In the particularly cold months, “ice damming” can become a problem.
It starts out with cold weather outside, and insufficient insulation in the attic. The heat in the house escapes through the attic and melts the snow on the roof.
You have seen houses in subdivisions with no snow on their rooftops. Well, they weren’t just lucky! The snow melted.
If that was all there was to it, that would be the end of it: just money flying out through the roof. But, as nightfall sets in, the warm snow that melted throughout the day freezes. It backs up, just where it gets caught at the eavestrough. So, if there is some debris in the eaves, this point will melt and refreeze day after day at the right temperatures.
What you will see from the ground is large icicles hanging from the eavestrough. However, with the weight of the ice, it may pull the eaves away from the shingles and the roof. This is now a major problem.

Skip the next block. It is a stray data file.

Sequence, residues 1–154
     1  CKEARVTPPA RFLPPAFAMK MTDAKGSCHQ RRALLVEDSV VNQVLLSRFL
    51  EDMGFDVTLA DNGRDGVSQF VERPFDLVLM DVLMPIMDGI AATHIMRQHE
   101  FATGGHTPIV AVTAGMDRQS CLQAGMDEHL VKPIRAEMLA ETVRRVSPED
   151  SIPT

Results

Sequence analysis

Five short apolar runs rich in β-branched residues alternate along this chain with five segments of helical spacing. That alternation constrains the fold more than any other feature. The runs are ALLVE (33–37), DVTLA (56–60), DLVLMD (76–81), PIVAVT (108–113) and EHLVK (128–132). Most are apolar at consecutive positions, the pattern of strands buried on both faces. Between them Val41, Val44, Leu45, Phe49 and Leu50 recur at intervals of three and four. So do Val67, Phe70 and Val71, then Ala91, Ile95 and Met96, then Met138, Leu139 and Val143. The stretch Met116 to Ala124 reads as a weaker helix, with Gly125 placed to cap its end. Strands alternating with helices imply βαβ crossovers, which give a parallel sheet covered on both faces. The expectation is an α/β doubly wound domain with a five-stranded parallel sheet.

Water can now run under the snow, down the rooftop, get trapped by the ice dam, roll over the side of the roof and down the wall, oftentimes, the inside of the wall. Here, you might experience freezing, thawing and refreezing. All of this causes damage to the building. If it reaches the ground which would be a good thing, there is also the risk that it could run down the side of the basement, and leak into the house.
In the Spring, it’s easy to repair. The eavestrough pulled away slightly from the roof, so nail it back in place. But, the real damage could be hidden behind the walls, or in the basement.
And, try to avoid the problem next year by increasing the insulation in the attic. Better safe, than sorry.
Brian Madigan LL.B., Broker